Minnesota United gives away late lead in Miami



Minnesota United gives away late lead in Miami

For so much of the second half, Minnesota looked comfortable and ready to take a much-needed victory.

Shockingly, Inter Miami, the second-worst goal-scoring team in MLS notched two goals in the final three minutes to flip the script and take a 2-1 victory in the first MLS meeting between the two teams.

“[We] put ourselves in a great spot,” manager Adrian Heath said. “Put ourselves in a really good position. We’re not doing enough, it doesn’t look as though it’s enough to concede goals and lose games.”

Inter Miami forward Indiana Vassilev only made it into the game as a late-game bench substitution, but he made the most of his opportunity scoring in the 87th and 90th minute to give his team a victory, surpassing Minnesota’s one-goal lead it held since the 65th minute.

The Loons’ defense had kept Minnesota in the game for each chance Inter Miami had for the first 86 minutes, but the team couldn’t get the stops near the end to come up with the victory.

“At those times of the game, you need to do whatever you can to just beat your man,” Loons defender Michael Boxall said.

Minnesota’s victory looked nearly locked up as the Loons held the 1-0 difference into the final five minutes of the game. That goal followed a resilient start to the second half after many chances weren’t finished.

The Minnesota goal scorer was Luis Amarilla, who put the ball past the Inter Miami goalkeeper in tight in the 65th minute. It was his first goal in MLS play since March 19.

Amarilla was in such a position to score the goal so close to the keeper because of an acrobatic one-touch centering pass from Franco Fragapane. The play all began from Emmanuel Reynoso getting the ball on the right side of the attacking zone. He cut towards the middle and sent a lofting kick that found the airborne Fragapane for his assist.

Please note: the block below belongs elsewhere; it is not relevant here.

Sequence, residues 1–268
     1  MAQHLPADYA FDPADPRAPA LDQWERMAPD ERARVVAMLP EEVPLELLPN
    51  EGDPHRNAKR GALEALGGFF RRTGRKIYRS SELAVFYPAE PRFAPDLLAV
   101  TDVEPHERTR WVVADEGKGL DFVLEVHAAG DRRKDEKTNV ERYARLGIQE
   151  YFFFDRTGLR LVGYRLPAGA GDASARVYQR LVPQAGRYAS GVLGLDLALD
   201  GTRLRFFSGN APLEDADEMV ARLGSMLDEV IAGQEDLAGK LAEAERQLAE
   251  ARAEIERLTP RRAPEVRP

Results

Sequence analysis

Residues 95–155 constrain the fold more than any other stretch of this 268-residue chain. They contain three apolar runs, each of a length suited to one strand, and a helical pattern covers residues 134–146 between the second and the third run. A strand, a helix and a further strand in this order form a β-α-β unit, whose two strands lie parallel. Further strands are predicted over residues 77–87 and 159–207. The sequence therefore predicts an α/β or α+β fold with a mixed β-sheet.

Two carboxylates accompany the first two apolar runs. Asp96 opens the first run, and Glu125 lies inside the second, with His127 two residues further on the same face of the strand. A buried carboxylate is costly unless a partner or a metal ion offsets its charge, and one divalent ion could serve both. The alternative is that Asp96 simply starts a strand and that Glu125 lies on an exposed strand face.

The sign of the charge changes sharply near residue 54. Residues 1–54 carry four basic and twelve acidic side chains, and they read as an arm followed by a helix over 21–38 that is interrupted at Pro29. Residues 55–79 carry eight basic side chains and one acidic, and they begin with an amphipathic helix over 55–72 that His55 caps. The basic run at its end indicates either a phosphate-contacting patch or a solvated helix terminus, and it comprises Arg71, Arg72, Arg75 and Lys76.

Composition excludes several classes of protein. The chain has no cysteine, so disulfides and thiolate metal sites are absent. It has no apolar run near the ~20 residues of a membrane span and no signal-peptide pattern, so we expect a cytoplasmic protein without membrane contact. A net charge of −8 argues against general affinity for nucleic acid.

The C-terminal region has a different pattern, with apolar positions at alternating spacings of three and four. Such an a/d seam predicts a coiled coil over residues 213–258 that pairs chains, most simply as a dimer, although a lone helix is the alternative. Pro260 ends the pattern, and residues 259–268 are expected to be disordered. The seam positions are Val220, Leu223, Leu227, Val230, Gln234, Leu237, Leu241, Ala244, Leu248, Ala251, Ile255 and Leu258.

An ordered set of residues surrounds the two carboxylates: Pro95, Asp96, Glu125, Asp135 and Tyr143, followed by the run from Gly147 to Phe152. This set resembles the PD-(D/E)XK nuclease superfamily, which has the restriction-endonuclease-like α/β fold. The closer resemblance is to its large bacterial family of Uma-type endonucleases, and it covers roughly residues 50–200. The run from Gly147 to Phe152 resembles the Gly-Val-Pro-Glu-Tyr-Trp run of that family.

While Minnesota finally found the back of the net in the back half of the game, there was no shortage of missed opportunities earlier in the contest.

“We’re not good enough at one end, and we’re not good enough at the other, and that’s not a good recipe,” Heath said. “We’ve got to get more and more determination to get on the things in the box and we’ve certainly got to defend the goal better.”

By the end of the game, Inter Miami had eight shots on target, while Minnesota had just one, the Amarilla goal.

The loss marks the first since Minnesota announced Heath’s two-year contract extension through 2024 on Thursday. The defeat also adds to a 1-6-1 stretch over the Loons’ last eight games, including Saturday night.

Heath said on Wednesday that the goal was to come away with four points in this road trip at Inter Miami on Saturday and on Wednesday at L.A. Galaxy. With the loss to Inter Miami, that goal is no longer possible.

The Loons must keep looking forward to get back on track and into playoff contention. After the loss on Saturday, Minnesota sits 11th in the Western Conference Standings, five points outside of the seventh spot, the cutoff for the playoffs.

“The good thing is that it’s a quick turnaround,” Boxall said. “Not quite looking ahead to L.A. just yet, we still need to process this game and figure out what we need to address, because that should be three points we’re taking home tonight.”

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Twins record second shutout in three days in win over Rockies



Twins record second shutout in three days in win over Rockies

Puffy white clouds filled the blue skies above Target Field and sunlight bounced off buildings that make up the Minneapolis skyline. It was the kind of summer night at the ballpark that Minnesotans dream about throughout the long winter months.

It was the perfect night at Target Field and the hometown team, well, they were nearly perfect, too. Twins pitchers gave up just one hit (and five walks), and the team captured a first-inning lead on its way to a 6-0 win over the Colorado Rockies on Saturday night at Target Field.